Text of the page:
The global crossover vehicles market has been witnessing incredible growth over the last decade, and this trend shows no sign of abating. In fact, the segment is projected to grow at a rate of over 8 per cent between 2018 and 2022. With this in mind, auto manufacturers are scrambling to cover their bases and partake in what promises to be a lavish sales feast. Nissan’s premium arm Infiniti has had a decent line-up of utility vehicles, from the humongous QX80, the stylish QX70, the practical QX60 and the compact QX50. However, until 2016, it had no player in the all-important sub-compact crossover segment. It’s this gap at the lower end of its utility vehicle range that the Japanese premium brand seeks to fill with the QX30, launched in the Middle East at last year’s Dubai Motor Show and on sale here since early this year.
Rather than developing a small crossover from scratch, Infiniti chose to take the technology sharing route, pooling resources with Mercedes-Benz. The QX30 is based on a Mercedes-developed architecture, with a sizeable number of parts and switches also borrowed from the German partner. Even the 208bhp turbocharged 2.0-litre engine and the seven-speed dual-clutch automatic transmission are Mercedes units. So is the key to the car, which is different only in the badge. Essentially, the QX30 is a Merc GLA in Infiniti garb. However, Infiniti has done a brilliant job in differentiating its version from the vehicle it’s based on. There’s absolutely no visual cue on the outside that gives away the Mercedes connection. Even parked next to a GLA, it will be hard to tell that the two cars are essentially the same underneath. In fact, the Infiniti arguably boasts a more exciting design than the Merc’s relatively matter of fact styling language. If you want to stand out in a world of similar-looking crossovers, you would do well choosing this over a GLA.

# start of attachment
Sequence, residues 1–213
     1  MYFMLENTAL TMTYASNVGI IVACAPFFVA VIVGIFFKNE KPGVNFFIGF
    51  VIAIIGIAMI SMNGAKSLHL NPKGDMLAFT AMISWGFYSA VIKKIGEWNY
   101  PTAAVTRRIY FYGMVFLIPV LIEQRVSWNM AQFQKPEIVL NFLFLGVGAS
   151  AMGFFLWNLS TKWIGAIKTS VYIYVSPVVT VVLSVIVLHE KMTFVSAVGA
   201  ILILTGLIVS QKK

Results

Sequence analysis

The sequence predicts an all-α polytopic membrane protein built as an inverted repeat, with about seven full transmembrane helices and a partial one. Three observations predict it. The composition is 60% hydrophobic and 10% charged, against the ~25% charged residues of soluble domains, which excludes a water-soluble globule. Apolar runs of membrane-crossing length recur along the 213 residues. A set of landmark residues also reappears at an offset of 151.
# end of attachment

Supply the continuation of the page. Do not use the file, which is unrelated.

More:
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The cabin is more subtly styled compared to the exterior, with an ergonomically laid out centre console dominated by a high-mounted infotainment screen. Those who have driven Mercedes-Benz models will find many of the controls and switches in the cabin familiar, including the rotary controller. The interior is well put together, with supple leather and soft touch plastic trim all around. While the seats are generally well padded, there rear is cramped, even for adults of average height. This is odd as the QX30’s wheelbase is decent compared to the segment average. Carrying any more than two passengers in the back seats will get extremely uncomfortable. It also takes a fair amount of contortion for a tall driver or passenger to get inside, which also beats the whole point of a crossover vehicle.
But what it lacks in terms of practicality, the QX30 compensates with its performance and driving dynamics. The crossover’s handling is sharp and the turbocharged engine, mated to a smooth-shifting transmission, affords satisfactory straight line performance. The statistics aren’t extraordinary, but they are adequate for the QX30’s proportions and weight. Ride quality is acceptable for an entry-level luxury vehicle, but refinement and comfort are more in line with what you’d expect from a hatchback than a crossover.
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There’s plenty of technology features that are thrown in as standard kit include an intelligent key, dual-zone air conditioning, a rear-view monitor, eight-way adjustable seats etc along with a host of active safety and hazard avoidance features.
The QX30 is a great new addition to Infiniti’s line-up, but despite its positioning, you’d be hard-pressed to call it a utility vehicle. It’s no more practical than a hatchback, but this might not be a problem for the new generation of premium buyers that Infiniti is targeting. It’s a tough market that the QX30 is enetering, what with the likes of the Audi Q3, the BMW X1, and its German cousin, the Mercedes-Benz GLA, all vying for customer attention. But with its starting price of Dh150,000 and distinctive styling, it might just succeed in weaning a few buyers off these other players.
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